Pay Less to Print

Before you buy a new printer, figure the cost per page.

Manufacturers of inkjet printers have long used the razor-and-blades business model: The machines often cost $100 or less, but the ink cartridges can add up to two or three times that much in just one year. Now, however, increased competition and consumer outrage are writing a new chapter.

Over the past year, both Lexmark and Hewlett-Packard have run ad campaigns touting low ink prices, notes Andrew Lippman, a printer analyst with Lyra Research. And Eastman Kodak's latest turnaround strategy is based largely on cheaper cartridges for its printer line.

For example, Lexmark now sells a $5 black ink cartridge, the 105XL, which prints an estimated 500 pages. That's 75 pages more than Kodak's $10 10B black cartridge, which itself is considered a value compared with similar cartridges that cost $13 to $20.

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Grab your calculator. The best way to get your money's worth is to figure out what it will cost to print per page, says PCWorld magazine senior editor and printer guru Melissa Riofrio. Start with a printer model you like. Then go online to find out how much you'll pay for cartridges and how many pages each cartridge will print. (Manufacturers and reputable online vendors, such as Amazon, often list page yields along with the cartridge's technical specs.)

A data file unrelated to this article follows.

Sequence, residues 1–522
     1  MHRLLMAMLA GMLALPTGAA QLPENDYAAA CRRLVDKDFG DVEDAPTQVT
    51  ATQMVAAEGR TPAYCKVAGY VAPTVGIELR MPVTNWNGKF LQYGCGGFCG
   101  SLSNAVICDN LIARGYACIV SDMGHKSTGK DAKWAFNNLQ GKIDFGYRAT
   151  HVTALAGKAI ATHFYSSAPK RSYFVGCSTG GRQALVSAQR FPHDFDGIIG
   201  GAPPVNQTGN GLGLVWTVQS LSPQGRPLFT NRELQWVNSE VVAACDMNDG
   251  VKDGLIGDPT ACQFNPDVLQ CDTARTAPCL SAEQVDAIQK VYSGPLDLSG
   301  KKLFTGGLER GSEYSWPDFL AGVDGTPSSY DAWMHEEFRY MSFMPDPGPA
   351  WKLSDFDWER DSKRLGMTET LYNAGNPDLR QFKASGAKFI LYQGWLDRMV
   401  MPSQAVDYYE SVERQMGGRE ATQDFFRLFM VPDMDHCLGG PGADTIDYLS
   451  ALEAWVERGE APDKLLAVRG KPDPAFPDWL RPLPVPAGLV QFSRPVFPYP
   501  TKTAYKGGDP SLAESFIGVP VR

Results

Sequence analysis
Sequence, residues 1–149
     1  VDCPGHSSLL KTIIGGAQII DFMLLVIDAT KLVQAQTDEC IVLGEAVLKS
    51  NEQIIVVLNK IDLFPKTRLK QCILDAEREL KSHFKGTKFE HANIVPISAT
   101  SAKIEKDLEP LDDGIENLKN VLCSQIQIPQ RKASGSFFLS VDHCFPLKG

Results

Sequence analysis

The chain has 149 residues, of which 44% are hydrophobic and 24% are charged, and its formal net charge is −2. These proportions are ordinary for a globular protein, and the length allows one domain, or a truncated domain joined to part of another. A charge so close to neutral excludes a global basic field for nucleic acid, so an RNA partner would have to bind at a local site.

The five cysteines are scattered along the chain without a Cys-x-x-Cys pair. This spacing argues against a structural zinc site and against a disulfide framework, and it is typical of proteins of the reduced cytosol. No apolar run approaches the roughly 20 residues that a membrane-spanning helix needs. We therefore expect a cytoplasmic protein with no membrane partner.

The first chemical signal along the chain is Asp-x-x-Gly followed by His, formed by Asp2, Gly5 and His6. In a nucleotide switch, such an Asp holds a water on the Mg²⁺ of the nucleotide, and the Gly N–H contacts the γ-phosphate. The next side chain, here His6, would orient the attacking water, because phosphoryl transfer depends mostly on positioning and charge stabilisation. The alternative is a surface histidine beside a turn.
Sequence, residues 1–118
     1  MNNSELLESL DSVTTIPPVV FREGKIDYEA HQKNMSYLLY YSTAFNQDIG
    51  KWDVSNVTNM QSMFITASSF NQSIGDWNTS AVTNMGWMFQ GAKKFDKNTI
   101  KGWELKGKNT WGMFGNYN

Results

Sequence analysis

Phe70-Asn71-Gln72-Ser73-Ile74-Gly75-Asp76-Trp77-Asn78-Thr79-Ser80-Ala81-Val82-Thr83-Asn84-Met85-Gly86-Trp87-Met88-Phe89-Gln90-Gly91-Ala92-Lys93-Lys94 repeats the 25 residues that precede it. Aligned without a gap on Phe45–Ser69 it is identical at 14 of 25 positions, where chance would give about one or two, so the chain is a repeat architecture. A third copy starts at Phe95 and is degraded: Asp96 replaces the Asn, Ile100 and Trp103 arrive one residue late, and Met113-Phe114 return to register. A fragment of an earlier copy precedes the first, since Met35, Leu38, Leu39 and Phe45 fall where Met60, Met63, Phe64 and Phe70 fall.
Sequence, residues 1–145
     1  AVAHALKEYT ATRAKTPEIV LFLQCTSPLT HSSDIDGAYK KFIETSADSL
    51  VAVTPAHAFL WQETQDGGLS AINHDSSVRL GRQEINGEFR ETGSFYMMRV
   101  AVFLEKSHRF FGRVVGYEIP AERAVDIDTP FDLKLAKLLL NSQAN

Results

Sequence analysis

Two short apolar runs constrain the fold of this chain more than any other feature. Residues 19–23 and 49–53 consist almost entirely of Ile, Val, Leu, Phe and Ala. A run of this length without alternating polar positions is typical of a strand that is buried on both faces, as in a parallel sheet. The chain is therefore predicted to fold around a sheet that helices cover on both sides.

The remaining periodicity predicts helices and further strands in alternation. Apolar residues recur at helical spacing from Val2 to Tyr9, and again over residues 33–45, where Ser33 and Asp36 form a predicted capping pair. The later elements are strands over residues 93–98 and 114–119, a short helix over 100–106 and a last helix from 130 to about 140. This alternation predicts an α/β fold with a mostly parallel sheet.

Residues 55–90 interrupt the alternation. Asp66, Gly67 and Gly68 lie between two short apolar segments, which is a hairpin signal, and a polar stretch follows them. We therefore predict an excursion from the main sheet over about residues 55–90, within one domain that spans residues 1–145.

Now divide the cost of the cartridge by the page yield. For example, the HP Photosmart C4780 uses the HP 60 black ink cartridge, which costs $15 and yields 200 pages. Cost per page: 7.5 cents. By comparison, the Kodak ESP 3250 uses Kodak's 10B cartridge, which has a 425-page yield. Cost per page: 2.4 cents.

More may not be less. But high-capacity cartridges may not be for everyone. "If you don't print very much, a high-yield cartridge that sits for months and dries up isn't necessarily a good thing," says Riofrio.

You'll need to run the numbers for color ink cartridges, too. Printers that use a single tricolor cartridge -- which has cyan, magenta and yellow ink tanks in one unit -- cost more in the long run. That's because once one tank runs out, you have to replace the entire cartridge, which typically costs $30 to $40.

Once you've compared printing costs per page, you still have to decide whether the most economical printer has the features you want. And you should compare print quality with that of pricier models. Visit a local retailer and put the printers through their paces.

One good choice for affordable home printing is the Canon Pixma iP4700 ($100). This inkjet model produces sharp, clear photos and documents, and it can print on both sides of the page (another money saver). Its inks are reasonably priced; the five individual ink tanks -- black, cyan, yellow, magenta and photo black (for pictures) -- are priced from $13 to $15 each.

Contributing Writer, Kiplinger's Personal Finance